Growth Hacking: It's All About the Process

A common misconception around growth hacking is that its success can be attributed to clever tricks, or perhaps unorthodox methods which sometimes bend or break the rules. 

As we'll explain in this article, it's the process which produces these breakthrough moments and makes growth hacking such a successful approach. It's not simply about isolated moments of inspiration. 

Growth hacking isn't just about the hacks. It's about encouraging a growth mindset which enables experimentation and finds the best channels and tactics to drive sustainable growth. 

The truth is that famous hacks from brands like PayPal, Airbnb, and Dropbox are part of a wider process in which multiple experiments, many of which fail, are often needed to find those ideas that work.

It's also important to note that growth marketing doesn't stop after major successes. Growth teams are always looking for additional ways to drive sustainable growth. Indeed, it's these successes that help to justify the growth approach. 

Airbnb's growth process

Airbnb grew from a startup in 2008 to become a platform with 10m guests and a $10bn valuation just six years later. This impressive growth is often attributed to growth hacking, though it's important to note that it first of all had a product that customers wanted. 

The company's most famous growth hacking success (and perhaps the one most referenced in blogs and reports) enabled Airbnb to piggyback on Craigslist's user base.

airbnb growth

The ‘hack’ exploited the fact that Craigslist saved listings information on a unique URL rather than a cookie. Airbnb therefore created a bot that would take URLs to use for Airbnb listings.

In this way, users advertising rooms on Airbnb had their listings duplicated on Craigslist where they could reach a broader audience.

airbnb post

The superior design of Airbnb listings, with better copy and more attractive photography meant they stood out from the average listing, and helped to bring more users to the  Airbnb website.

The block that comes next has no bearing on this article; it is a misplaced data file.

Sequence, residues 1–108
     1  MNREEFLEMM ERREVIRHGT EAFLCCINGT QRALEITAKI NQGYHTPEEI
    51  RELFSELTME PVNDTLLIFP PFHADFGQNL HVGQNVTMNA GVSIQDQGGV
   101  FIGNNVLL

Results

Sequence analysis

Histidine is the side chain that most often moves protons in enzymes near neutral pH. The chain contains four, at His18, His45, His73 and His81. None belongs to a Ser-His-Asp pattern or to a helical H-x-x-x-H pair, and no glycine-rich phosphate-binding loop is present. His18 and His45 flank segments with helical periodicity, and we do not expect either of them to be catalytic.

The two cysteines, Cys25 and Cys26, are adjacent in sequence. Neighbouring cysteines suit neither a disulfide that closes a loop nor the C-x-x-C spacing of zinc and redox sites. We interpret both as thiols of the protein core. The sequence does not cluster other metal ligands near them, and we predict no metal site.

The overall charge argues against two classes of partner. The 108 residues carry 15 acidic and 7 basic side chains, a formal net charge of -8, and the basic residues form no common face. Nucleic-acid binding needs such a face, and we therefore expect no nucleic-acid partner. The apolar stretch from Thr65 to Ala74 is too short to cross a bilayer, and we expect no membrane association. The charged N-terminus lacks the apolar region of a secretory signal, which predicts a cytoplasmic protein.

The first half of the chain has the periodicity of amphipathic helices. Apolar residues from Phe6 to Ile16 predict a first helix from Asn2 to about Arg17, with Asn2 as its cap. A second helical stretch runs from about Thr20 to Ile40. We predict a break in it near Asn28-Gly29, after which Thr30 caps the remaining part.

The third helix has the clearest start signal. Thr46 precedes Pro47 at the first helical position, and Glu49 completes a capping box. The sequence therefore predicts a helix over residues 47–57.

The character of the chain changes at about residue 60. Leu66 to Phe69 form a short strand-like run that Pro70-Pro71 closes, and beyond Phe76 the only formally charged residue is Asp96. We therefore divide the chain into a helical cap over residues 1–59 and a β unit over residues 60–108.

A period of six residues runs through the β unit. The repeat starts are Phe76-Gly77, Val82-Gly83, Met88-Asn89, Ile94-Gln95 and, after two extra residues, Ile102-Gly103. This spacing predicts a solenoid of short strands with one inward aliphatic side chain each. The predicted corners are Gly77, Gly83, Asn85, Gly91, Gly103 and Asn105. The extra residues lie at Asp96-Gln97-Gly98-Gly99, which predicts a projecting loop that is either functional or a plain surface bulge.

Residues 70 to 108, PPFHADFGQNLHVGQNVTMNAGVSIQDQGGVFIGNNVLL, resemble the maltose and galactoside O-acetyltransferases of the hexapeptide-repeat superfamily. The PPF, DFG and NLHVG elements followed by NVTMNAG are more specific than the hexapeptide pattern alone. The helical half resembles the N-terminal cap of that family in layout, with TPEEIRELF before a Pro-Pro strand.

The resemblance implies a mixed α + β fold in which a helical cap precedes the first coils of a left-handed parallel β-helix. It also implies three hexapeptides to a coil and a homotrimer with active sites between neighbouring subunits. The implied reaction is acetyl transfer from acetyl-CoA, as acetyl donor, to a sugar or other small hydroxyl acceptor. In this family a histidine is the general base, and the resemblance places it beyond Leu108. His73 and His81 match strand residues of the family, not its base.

This wasn’t a single silver bullet hack, but a standout success from a process of experimentation. It was also a feat of programming to create this integration, so this 'hack' was the result of lots of hard work.

While this is a frequently referenced growth hack, the growth hacking process didn't end here for Airbnb. There are many examples of ‘growth hacks’ from Airbnb which haven’t had the same publicity.

For example, Airbnb noticed that some users weren’t doing the best job of showcasing their listings and were not attracting bookings. Many were using camera phones (which weren't so good back then) and pictures were low quality. 

The result was less appealing listings that attracted fewer bookings. To solve this, Airbnb sent professional photographers to photograph listings, with the result that these enhanced listings were 2.5 times more likely to be booked.

Airbnb rolled out this approach around the world, with freelance professional photographers ensuring that high quality images help people to attract more bookings. 

airbnb photos

Another example of a hack was Airbnb's approach to mobile. It had been experimenting with mobile listings with some promising results, and launched a mobile app which resulted in a further increase in both listings and bookings.